Too many visitors are being shuttled straight from the airport to hotels and beachfront resorts in ‘new Dubai’ and never get the chance to explore the more established areas of the city. As such many tourists have little idea of the emirate’s rich history.
Promote Dubai’s history and culture instead of beaches and malls, experts say
DUBAI // No one can deny the alluring beauty of the Creek district with its souqs, abras, dhows and nearby Al Fahidi.
Now a cultural expert says more emphasis needs to be given to promoting Old Dubai to tourists, instead of beach developments or super malls, to give them a taste of the emirate’s real heritage.
“Everyone has the beach and sunshine and malls,” said Nasif Kayed, director of the Sheikh Mohammed Centre For Cultural Understanding in Al Fahidi.
“We at the centre are the only true cultural experience.
“Visiting a museum, to stand in front of a sculpture and read information, it isn’t enough any more. People want to know why we dress this way, why we eat this way. They want to learn and interact.”
Mr Kayed said that even Emiratis knew little about the city’s cultural areas.
“The houses are empty, it’s not enticing,” he said. “It’s been a battle of whose responsibility it was.
“But now that the tourism and cultural authorities have got together with the municipality, things will move forward, bringing hotels, restaurants and a true cultural experience over the next couple of years.”
Research at Zayed University found that residents and tourists feel that the emirate should be doing more to promote its culture and history. “The growth of Dubai has been so quick that there could be a loss of identity,” said Dr Filareti Kotsi, a tourism expert from Zayed University.
“When I first started teaching and wanted to take students on trips it amazed me how few had been to places like Bastakiya.
“What was interesting is that families don’t take the kids to these places and instead go to the more modern places like Dubai Mall.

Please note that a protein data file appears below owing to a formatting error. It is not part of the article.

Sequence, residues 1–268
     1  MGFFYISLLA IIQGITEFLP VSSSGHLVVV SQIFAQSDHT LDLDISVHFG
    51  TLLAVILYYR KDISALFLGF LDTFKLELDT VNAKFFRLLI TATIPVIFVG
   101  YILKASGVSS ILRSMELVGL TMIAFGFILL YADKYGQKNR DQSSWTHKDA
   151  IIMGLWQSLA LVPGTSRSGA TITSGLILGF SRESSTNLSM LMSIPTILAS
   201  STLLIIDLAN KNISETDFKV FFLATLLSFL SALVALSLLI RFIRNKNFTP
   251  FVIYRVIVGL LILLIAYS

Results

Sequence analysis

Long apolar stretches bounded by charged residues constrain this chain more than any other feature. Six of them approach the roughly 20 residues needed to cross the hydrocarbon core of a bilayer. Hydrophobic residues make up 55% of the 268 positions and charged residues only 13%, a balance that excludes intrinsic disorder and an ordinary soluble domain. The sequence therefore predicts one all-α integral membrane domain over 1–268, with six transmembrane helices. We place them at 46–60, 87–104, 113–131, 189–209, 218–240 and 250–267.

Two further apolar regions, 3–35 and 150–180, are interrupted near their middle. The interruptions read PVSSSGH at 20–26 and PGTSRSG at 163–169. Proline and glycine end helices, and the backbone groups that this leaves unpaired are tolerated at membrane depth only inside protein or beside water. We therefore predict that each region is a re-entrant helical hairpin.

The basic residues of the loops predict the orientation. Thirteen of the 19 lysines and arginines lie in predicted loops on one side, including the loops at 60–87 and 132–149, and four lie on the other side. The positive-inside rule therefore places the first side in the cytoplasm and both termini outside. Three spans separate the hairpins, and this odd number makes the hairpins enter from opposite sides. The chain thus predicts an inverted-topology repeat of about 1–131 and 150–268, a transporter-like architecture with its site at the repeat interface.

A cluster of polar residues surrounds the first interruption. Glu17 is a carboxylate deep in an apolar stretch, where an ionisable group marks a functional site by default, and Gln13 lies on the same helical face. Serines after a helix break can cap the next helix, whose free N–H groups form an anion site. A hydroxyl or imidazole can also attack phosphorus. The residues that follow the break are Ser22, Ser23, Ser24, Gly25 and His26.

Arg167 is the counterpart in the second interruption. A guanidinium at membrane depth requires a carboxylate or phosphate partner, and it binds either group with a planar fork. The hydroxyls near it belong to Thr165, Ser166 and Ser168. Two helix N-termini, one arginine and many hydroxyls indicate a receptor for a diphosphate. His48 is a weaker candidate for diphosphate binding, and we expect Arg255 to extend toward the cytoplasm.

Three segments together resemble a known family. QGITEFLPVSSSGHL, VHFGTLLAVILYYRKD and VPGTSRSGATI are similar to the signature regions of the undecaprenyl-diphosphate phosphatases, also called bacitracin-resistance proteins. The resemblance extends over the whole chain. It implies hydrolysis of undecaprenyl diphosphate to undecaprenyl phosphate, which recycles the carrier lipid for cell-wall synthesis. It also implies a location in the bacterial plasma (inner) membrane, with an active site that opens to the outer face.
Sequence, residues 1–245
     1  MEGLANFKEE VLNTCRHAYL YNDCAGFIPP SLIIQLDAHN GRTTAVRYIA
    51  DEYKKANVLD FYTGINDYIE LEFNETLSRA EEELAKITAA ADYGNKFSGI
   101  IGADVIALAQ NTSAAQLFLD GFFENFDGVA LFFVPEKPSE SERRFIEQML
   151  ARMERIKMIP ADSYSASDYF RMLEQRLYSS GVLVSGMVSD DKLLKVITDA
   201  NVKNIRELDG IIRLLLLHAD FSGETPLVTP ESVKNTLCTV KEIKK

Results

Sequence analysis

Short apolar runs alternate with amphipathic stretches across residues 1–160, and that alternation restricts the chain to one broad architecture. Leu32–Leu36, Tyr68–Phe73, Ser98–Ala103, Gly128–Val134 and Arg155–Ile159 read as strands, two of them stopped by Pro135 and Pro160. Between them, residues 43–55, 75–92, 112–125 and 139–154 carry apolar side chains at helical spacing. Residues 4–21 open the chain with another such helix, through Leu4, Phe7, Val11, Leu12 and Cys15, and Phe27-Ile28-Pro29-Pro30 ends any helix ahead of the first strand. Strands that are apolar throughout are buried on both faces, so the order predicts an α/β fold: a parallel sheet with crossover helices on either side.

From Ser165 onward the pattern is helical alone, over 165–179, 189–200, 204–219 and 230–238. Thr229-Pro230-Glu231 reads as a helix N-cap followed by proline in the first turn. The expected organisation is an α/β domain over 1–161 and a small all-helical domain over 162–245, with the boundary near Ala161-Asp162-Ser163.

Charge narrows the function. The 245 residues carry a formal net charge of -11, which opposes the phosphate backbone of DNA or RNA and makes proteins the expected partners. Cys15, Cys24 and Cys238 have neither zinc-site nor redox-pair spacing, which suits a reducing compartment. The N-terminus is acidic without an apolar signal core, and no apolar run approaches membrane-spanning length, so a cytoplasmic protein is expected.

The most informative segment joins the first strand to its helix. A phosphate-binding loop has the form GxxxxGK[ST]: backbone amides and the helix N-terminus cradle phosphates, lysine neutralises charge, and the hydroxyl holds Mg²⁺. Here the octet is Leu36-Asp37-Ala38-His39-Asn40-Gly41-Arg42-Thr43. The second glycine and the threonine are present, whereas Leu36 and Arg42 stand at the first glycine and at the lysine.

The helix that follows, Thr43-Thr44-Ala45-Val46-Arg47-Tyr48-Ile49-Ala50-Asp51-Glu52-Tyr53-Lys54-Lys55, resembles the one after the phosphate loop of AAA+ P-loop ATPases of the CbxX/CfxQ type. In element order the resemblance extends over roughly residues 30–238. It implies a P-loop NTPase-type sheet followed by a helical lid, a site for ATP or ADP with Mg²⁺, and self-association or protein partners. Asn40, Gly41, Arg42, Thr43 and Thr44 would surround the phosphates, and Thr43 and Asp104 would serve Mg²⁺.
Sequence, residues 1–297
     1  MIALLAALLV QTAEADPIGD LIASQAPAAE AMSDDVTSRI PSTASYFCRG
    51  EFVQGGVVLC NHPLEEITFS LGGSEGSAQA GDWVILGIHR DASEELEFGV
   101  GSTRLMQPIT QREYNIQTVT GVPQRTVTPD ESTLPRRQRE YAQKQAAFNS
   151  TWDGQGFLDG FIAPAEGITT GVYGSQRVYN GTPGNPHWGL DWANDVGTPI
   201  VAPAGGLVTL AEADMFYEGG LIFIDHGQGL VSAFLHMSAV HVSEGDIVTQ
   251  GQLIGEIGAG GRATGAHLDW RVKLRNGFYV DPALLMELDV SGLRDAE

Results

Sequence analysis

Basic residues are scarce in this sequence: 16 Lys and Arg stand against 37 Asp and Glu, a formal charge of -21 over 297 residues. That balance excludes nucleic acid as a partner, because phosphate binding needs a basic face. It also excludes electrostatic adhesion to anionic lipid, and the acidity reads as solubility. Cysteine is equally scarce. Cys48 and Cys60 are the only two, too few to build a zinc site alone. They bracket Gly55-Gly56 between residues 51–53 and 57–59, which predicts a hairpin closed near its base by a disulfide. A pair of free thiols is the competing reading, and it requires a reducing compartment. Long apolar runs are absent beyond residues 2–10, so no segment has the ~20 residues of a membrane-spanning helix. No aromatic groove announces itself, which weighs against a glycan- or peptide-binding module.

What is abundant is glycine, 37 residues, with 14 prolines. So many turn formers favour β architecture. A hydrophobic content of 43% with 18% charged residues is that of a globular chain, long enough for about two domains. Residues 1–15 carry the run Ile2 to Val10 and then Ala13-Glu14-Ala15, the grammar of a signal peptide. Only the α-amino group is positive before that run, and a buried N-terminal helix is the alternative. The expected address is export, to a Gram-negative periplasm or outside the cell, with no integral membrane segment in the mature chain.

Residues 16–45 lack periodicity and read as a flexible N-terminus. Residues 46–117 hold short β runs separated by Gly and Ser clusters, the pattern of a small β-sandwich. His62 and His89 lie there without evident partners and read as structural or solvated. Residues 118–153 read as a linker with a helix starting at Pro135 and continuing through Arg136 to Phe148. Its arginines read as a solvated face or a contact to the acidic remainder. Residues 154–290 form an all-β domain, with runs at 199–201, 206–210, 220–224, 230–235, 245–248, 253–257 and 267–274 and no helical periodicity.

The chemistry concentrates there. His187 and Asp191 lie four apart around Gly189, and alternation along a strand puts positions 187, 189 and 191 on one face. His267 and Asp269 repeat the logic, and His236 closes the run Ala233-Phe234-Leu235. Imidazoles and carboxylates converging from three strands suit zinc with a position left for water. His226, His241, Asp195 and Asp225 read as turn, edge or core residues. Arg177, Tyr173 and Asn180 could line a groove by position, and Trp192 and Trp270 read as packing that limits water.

“In Abu Dhabi there are museums and galleries opening but in Dubai it’s about promoting the culture within, the Emirati identity.”
Emirati students Rowdha Al Sayegh and Maryan Al Awar interviewed 120 people including tourists, nationals and expatriates to gauge their perceptions of how Dubai is branded to tourists.
“Many of them [45 per cent] said Dubai should do more to promote culture and heritage,” said Ms Al Sayegh, 20.
“We found it interesting that people didn’t think Dubai had culture, so clearly it’s not being promoted properly.
“We came up with the conclusion that the problem starts with us as Emiratis. When tourists ask us questions about where to go, we tell them places like Dubai Mall or Jumeirah Beach Residence.
“Why not take them to a local restaurant to give them a more authentic Emirati experience.
“Maybe we should educate ourselves more before changing other people.”
Ms Al Awar, 21, said places such as the Heritage Village or Al Fahidi “just don’t come up” when asking people about tourism.
“A lot of people think of Dubai as a luxurious shopping destination. That’s partly because of Dubai Mall but when we asked if they felt Dubai was better known for the shopping or the Dubai World Cup, more than four times the number said shopping. With growth, we’ve kind of lost track of how rich our culture and history is.”
Ms Al Awar said it was important for all Emiratis, not only those in the tourism industry, to interact with people visiting the country.